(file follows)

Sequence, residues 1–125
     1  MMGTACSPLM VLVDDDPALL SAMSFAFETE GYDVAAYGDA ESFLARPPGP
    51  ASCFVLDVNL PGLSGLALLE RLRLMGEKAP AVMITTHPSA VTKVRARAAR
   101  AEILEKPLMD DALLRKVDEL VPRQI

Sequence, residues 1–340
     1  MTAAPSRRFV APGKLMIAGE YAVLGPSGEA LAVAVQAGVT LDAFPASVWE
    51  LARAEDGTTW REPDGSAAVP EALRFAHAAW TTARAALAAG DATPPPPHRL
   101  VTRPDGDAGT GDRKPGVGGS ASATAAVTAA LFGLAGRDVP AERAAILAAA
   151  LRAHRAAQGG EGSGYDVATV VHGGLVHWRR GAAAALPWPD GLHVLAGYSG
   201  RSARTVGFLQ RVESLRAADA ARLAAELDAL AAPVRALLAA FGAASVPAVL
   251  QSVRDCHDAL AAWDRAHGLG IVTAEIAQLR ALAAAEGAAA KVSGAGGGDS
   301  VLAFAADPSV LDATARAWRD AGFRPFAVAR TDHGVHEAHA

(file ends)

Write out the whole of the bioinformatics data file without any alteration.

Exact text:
Sequence, residues 1–125
     1  MMGTACSPLM VLVDDDPALL SAMSFAFETE GYDVAAYGDA ESFLARPPGP
    51  ASCFVLDVNL PGLSGLALLE RLRLMGEKAP AVMITTHPSA VTKVRARAAR
   101  AEILEKPLMD DALLRKVDEL VPRQI

Sequence, residues 1–340
     1  MTAAPSRRFV APGKLMIAGE YAVLGPSGEA LAVAVQAGVT LDAFPASVWE
    51  LARAEDGTTW REPDGSAAVP EALRFAHAAW TTARAALAAG DATPPPPHRL
   101  VTRPDGDAGT GDRKPGVGGS ASATAAVTAA LFGLAGRDVP AERAAILAAA
   151  LRAHRAAQGG EGSGYDVATV VHGGLVHWRR GAAAALPWPD GLHVLAGYSG
   201  RSARTVGFLQ RVESLRAADA ARLAAELDAL AAPVRALLAA FGAASVPAVL
   251  QSVRDCHDAL AAWDRAHGLG IVTAEIAQLR ALAAAEGAAA KVSGAGGGDS
   301  VLAFAADPSV LDATARAWRD AGFRPFAVAR TDHGVHEAHA